Tomorrow, the election will be over and done with. We will finally know who our next president will be. I personally can’t wait. These last two years has been a disaster and I am terrified as to which of our two evils will be elected.
I didn’t vote for either Trump or Clinton in this embarrassing election. I was an avid Bernie Sanders supporter until he didn’t win the nomination and urged his supporters to get behind Hillary Clinton. I went to his rally in Syracuse back in April, where he fired us up about being “against the establishment.” I wasn’t about to join the establishment just to beat Donald Trump.
Since July, I have been an active supporter of Jill Stein and Ajamu Baraka. She is as close to anti-establishment as any candidate will ever get. Her platform also aligns closely with my personal beliefs and stances. I think she would make a great candidate if Americans would give her a chance.
Of course, she is a third-party. We Americans refuse to vote third-party because we fear that it will be a wasted vote for someone who will never get elected. This is the textbook definition of a self-fulfilling prophecy; having an idea of what will happen and taking unconscious actions to ensure it comes true.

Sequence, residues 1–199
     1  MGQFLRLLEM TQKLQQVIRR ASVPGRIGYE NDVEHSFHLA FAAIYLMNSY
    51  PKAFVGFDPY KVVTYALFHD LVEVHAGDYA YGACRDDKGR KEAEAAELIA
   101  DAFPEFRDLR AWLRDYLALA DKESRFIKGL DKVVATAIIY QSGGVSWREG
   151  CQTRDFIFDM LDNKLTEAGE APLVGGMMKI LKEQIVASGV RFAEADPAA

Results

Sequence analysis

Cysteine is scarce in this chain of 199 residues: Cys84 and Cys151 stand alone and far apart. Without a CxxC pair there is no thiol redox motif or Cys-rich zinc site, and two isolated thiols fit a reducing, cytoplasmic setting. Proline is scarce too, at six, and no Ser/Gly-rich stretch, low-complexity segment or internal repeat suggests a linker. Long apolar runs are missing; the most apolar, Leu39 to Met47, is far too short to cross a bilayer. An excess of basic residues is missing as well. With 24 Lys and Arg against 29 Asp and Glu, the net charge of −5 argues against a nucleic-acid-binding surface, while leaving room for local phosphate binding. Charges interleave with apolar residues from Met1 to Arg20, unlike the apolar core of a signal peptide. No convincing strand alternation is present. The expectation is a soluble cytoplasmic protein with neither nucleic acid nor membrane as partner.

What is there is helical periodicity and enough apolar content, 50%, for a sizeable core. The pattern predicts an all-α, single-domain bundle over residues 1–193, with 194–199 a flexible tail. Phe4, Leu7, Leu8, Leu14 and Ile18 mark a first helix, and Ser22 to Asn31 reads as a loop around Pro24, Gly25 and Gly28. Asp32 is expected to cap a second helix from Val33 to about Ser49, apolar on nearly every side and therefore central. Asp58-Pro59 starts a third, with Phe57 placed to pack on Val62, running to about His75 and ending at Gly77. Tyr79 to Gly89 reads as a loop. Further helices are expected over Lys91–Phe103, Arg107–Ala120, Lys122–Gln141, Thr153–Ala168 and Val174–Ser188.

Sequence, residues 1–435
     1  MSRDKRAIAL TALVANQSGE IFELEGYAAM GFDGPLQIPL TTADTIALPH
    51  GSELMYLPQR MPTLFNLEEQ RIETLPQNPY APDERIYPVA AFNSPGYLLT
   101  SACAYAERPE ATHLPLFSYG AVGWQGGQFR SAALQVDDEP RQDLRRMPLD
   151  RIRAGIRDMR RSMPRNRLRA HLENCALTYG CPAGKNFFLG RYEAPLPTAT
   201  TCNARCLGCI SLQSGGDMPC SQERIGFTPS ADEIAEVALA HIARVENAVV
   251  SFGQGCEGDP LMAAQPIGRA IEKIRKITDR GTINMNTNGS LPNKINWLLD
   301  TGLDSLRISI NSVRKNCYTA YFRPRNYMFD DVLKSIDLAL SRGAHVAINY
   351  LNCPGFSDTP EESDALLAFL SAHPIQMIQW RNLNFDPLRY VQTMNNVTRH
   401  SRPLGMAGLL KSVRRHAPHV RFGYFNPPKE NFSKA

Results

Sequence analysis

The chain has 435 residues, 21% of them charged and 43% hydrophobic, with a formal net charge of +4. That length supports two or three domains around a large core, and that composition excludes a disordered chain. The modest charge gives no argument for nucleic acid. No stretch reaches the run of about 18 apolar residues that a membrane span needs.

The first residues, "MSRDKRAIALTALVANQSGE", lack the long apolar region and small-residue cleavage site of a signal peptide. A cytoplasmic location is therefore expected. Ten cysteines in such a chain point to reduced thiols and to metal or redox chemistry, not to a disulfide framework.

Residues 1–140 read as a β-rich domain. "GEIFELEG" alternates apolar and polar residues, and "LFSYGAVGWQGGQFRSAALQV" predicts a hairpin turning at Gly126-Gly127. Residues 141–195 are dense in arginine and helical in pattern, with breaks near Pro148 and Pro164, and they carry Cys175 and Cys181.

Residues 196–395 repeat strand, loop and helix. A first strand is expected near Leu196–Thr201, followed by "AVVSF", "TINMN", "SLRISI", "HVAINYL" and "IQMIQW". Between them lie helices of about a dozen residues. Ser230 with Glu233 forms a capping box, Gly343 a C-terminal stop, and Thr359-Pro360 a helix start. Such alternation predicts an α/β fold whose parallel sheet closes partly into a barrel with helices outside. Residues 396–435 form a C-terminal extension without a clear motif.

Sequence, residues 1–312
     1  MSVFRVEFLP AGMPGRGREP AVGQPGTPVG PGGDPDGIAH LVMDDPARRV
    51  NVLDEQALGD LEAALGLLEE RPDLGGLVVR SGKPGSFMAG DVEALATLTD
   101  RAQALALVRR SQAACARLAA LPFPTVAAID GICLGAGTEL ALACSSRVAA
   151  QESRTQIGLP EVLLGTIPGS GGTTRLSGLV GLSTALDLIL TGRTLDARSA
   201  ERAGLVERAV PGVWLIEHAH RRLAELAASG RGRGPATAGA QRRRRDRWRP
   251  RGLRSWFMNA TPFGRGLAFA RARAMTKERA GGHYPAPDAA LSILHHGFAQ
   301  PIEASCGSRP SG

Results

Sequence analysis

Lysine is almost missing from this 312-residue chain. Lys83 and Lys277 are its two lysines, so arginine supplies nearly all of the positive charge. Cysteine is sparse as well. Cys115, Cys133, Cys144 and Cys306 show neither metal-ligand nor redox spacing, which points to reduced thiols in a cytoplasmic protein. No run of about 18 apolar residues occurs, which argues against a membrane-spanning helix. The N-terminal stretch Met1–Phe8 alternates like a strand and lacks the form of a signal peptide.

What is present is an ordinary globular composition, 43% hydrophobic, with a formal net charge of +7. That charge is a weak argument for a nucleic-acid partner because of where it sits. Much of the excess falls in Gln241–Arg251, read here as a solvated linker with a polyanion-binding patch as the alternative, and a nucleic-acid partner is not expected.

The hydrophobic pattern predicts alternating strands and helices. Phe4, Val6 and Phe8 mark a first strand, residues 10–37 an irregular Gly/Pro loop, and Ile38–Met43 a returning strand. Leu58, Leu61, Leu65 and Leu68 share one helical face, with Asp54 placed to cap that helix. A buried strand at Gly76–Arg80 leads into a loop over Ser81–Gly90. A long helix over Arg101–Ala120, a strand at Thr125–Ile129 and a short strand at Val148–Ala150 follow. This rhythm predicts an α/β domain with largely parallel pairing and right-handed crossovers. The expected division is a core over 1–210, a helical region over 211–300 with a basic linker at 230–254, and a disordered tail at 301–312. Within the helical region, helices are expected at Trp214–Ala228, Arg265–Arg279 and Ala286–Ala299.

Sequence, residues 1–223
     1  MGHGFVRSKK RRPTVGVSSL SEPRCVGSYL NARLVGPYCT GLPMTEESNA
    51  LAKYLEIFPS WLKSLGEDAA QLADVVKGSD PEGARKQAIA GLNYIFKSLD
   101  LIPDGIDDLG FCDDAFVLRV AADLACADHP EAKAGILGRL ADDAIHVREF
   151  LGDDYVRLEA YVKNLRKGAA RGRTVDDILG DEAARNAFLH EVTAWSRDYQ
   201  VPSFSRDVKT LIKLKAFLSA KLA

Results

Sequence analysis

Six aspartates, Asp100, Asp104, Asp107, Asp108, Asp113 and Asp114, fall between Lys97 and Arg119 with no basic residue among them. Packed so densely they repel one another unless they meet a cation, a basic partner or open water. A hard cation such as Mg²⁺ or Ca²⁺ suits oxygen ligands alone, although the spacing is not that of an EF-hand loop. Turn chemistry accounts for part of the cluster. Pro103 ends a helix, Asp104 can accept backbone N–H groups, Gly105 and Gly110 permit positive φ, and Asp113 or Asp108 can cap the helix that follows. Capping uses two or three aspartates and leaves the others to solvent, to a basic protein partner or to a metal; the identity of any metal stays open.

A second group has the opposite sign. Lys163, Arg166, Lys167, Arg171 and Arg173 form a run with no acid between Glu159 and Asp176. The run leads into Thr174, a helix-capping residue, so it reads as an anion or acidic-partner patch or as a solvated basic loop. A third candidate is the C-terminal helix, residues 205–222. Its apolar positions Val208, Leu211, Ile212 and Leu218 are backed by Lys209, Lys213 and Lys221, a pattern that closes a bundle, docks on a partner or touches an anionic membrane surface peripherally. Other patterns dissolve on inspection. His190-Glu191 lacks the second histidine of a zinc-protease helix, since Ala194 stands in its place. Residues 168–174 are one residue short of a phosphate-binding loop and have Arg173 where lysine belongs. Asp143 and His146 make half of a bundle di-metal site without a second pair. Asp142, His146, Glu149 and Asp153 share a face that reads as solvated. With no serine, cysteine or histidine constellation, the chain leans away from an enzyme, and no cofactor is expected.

However, there is another reason why Americans are so reluctant to vote for Stein that I am so sick of hearing about. There is a notion that Jill Stein is against vaccinations for children.
Literally every time I voice my opinion on Jill Stein’s candidacy, I get the same exact response from someone in the room. First, a laugh. Then, something along the lines of, “she’s a doctor and she doesn’t support vaccinations! There’s no way she will win!”
I have had this conversation with some friends of mine lately, and I just want to note that this is not a stab at you guys. I have heard this complaint of Stein at least a dozen times in personal conversations. It has made national news on several occasions. You may be thinking, so what? People complain about her stance on vaccines, just like people complain about Trump’s stance on immigration. What’s the difference?